Policy and vision documents declare interoperability to be the “foundation of effective joint, multinational and interagency operations.” Achieving that vision has been challenging and logistics leaders have raised a number of issues in discussing next steps to achieve jointness in logistics.
Fifteen logistics transformation experts shared their views on the ‘as-is’ and ‘to-be’ states in joint logistics transformation. They are all leaders and senior managers with both broad policy perspectives and often deep technological and business process knowledge, along with decades of logistics and war fighting experience. The fifteen experts discussed the following topics:
• A historical view in the progress of logistics coordination and interoperability
• Barriers of existing funding mechanisms
• Barriers of Title 10 to joint logistics support systems and interoperability
• The need for Office of Secretary of Defense leadership and standards
• Organizational restructuring
• Lessons from Operation Iraqi Freedom – scalability issues
• Interoperability and Data Integration – challenges and cases
• Centralized versus decentralized approaches for joint logistics transformation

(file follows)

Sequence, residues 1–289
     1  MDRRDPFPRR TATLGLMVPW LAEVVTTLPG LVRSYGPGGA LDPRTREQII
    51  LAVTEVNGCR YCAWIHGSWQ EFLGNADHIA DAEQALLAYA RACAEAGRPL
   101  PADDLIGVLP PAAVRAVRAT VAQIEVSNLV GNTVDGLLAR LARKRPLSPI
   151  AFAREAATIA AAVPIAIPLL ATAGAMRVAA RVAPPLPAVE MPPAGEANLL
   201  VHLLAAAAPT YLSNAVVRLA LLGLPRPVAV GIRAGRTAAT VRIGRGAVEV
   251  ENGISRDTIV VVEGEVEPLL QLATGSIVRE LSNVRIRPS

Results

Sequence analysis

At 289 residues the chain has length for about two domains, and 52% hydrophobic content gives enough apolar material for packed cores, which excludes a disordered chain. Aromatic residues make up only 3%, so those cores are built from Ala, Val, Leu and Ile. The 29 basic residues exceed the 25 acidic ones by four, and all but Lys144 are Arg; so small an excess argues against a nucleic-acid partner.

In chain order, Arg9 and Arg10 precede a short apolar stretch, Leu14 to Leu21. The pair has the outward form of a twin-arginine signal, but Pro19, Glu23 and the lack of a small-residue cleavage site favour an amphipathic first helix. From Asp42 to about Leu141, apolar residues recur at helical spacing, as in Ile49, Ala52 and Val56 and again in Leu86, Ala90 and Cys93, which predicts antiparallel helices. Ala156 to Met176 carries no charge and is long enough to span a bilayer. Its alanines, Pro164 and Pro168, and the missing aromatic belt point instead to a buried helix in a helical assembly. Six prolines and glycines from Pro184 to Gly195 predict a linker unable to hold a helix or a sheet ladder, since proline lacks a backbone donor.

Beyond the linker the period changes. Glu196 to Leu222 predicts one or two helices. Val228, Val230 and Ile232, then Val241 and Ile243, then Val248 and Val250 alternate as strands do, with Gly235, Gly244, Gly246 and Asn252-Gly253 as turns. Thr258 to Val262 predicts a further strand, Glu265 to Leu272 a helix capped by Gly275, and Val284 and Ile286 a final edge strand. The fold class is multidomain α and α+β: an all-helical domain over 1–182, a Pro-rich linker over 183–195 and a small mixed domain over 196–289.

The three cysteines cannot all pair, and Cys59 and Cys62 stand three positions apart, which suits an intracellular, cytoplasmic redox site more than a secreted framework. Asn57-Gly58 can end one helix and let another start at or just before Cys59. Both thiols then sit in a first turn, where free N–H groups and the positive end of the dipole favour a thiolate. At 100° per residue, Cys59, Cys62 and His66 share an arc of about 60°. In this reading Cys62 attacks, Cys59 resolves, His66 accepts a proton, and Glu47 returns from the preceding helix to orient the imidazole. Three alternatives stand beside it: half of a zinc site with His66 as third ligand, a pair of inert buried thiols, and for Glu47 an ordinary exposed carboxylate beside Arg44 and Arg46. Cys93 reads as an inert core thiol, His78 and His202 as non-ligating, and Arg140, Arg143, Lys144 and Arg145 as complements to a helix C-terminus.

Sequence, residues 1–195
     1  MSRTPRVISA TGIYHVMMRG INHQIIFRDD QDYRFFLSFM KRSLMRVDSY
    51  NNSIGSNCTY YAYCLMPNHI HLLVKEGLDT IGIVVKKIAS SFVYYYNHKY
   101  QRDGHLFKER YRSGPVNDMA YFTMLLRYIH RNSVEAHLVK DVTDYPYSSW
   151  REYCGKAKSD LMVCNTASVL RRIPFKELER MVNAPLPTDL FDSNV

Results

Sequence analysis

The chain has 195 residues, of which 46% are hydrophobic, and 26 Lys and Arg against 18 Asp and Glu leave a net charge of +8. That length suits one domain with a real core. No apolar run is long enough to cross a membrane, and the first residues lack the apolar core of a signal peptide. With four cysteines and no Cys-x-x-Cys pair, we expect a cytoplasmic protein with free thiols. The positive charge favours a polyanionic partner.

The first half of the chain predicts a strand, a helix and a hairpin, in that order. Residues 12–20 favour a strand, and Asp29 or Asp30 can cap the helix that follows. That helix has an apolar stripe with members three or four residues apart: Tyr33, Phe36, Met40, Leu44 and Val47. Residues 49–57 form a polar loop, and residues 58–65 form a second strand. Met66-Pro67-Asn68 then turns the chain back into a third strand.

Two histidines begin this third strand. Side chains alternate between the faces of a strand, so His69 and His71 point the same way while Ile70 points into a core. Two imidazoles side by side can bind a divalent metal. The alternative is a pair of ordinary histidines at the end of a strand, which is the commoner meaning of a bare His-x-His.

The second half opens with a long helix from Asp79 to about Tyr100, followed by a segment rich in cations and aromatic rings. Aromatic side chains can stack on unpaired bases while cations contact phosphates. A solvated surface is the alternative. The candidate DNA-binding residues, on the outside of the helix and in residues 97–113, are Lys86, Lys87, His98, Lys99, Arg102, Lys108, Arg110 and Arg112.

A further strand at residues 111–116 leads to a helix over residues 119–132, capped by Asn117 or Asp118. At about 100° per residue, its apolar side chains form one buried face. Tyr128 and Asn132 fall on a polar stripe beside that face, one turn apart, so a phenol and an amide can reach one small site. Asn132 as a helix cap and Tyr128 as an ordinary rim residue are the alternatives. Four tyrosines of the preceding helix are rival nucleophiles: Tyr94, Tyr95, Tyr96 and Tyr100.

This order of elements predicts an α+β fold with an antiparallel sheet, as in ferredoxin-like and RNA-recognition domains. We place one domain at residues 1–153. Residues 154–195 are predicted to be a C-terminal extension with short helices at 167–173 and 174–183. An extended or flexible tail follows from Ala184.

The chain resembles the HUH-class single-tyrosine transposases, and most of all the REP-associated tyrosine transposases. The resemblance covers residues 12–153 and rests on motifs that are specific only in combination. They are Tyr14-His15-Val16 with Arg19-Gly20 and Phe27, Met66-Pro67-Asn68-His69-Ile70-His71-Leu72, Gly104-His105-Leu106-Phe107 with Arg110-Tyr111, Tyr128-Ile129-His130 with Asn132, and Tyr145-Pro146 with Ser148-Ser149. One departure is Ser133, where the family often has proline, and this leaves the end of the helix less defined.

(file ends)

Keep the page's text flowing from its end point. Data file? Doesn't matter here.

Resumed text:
• The warfighter’s view of logistics transformation
• Training, lost learning and succession planning
• Change management
Several participants recommended that a ‘4 Star’ Logistics Combatant Command (USLOGCOM) be created to consolidate DoD logistics and supply chain functions, even if this requires clarifying Title 10. They also recommended that interoperability be funded and required as part of the logistics systems acquisition process. A central business process model of the ‘as-is’ logistics enterprise is required, but different war planning scenarios may require multiple ‘to-be’ logistics business process models. The USLOGCOM, once created, will need to act as an ‘honest broker,’ and sometimes as a ‘sheriff’ among individual Services and Agencies, to enforce interoperability and business process alignment.
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